Only a 110-day growing season and they’re producing enough food to feed half of Russia. In the middle of a charming (if somewhat fey) story about Russia’s Ringing Cedars cult books, I found embedded some amazing statistics. While Susan has written before about
Moscow’s botanical gardens and their amazing contributions to their communities and the country’s botanical heritage, I had not heard before what a thriving home garden culture Russia has.
According to Vladimir Megre, the author of the books, over 35 million families (70% of Russia’s population) produce 40% of Russia’s agricultural output on their garden plots/dachas, providing 92% of Russia’s harvest of potatoes, 77% of its vegetables, 87% of berries and fruits, 59.4% of meat, and 49.2% of milk. I’m pretty much quoting verbatim because the stats are so impressive. (And some fact-checking bears this out, with caveats.) We use twice the space the Russians use for gardening for our lawns, which produce … well, not much, though they do support a large and I suppose lucrative lawn care industry.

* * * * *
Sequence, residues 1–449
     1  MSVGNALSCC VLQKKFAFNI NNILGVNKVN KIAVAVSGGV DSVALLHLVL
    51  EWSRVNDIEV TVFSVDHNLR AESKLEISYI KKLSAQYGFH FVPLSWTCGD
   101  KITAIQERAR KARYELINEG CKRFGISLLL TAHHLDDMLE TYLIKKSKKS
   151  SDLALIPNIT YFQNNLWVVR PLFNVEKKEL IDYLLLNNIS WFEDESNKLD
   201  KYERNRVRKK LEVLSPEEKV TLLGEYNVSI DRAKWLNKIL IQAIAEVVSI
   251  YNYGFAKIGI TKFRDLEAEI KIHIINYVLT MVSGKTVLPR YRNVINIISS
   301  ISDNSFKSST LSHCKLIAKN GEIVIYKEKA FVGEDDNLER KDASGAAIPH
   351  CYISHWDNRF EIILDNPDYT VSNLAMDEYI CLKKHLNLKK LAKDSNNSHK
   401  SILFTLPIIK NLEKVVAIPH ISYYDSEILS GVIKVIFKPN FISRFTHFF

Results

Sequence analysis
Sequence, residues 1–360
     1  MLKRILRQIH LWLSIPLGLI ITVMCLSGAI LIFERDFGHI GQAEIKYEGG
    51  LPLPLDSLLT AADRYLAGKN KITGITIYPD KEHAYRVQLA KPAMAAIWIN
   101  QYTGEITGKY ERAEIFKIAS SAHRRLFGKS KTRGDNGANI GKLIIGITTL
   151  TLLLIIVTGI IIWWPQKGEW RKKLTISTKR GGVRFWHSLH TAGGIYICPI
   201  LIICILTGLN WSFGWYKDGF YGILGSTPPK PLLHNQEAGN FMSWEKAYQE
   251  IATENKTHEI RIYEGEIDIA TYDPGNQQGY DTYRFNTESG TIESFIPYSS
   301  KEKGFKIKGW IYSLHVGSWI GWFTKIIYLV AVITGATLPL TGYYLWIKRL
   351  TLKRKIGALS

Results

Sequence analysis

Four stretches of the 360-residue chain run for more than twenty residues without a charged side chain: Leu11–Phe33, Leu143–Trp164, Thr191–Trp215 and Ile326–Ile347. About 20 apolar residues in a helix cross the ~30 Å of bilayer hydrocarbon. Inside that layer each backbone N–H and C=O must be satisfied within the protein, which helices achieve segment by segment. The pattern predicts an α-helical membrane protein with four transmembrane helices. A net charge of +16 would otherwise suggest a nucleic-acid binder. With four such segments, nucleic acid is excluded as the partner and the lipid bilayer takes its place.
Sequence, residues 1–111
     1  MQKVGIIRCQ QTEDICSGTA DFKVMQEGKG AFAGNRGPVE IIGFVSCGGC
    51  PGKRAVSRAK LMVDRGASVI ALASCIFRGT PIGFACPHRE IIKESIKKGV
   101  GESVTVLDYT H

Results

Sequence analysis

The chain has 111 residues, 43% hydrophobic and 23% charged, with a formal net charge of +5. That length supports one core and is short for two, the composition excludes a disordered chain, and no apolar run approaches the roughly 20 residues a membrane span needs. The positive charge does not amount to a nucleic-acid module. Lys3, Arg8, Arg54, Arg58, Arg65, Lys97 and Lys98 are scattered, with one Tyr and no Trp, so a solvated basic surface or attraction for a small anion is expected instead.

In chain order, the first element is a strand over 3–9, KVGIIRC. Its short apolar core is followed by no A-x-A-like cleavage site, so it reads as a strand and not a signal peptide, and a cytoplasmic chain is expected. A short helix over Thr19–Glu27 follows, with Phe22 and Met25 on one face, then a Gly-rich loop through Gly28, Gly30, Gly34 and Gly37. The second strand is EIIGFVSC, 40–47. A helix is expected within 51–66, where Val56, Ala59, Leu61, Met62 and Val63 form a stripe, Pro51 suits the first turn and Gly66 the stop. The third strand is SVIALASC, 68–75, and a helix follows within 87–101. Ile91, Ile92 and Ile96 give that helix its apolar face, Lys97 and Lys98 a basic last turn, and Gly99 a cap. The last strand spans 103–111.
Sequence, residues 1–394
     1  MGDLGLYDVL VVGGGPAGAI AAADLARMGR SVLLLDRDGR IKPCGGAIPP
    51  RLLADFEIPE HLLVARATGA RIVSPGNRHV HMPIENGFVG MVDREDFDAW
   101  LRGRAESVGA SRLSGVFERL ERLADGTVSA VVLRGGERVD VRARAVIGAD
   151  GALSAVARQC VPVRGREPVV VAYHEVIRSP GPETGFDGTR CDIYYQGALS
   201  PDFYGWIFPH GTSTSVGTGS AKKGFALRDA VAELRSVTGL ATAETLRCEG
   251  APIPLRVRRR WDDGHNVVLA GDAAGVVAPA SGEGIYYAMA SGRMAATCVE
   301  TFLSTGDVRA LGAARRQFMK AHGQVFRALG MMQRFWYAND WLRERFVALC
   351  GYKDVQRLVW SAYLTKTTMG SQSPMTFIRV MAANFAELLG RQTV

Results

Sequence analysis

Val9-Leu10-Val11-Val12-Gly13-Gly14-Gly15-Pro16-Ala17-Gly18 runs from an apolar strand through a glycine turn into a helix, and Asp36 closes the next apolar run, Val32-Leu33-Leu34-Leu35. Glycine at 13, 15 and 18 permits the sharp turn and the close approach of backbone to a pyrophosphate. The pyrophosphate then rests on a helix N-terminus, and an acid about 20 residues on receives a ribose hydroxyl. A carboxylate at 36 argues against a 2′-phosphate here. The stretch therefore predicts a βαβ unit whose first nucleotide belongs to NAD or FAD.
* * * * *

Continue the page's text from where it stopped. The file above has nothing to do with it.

The Ringing Cedars books, which first appeared in the 90s, advocate a return to the land and the forest, (specifically the forests of Siberia in one of them—brrr). Apparently, the books have reinforced the already-ingrained dacha culture, encouraging home farming even more. This is very different from my inner vision of Russia, which generally features a cold, gray, urban scene, dominated by decaying 60s-era institutional culture and lots of people drinking vodka. (They probably have the same vision of Buffalo, with some tweaks.) The general economic picture for Russia still does have a gray hue; if home gardeners are doing well, it sure doesn’t look like the big farmers are, as outmoded equipment and out-of-sight fuel prices make subsidies the only solution. But it does look like a lot of Russians are better at feeding themselves sustainably than we are.
Wondering about the ringing cedars? They are cedars so old that they have gathered enough energy to create a ringing sound.
Thanks to mentee Ron for the HT.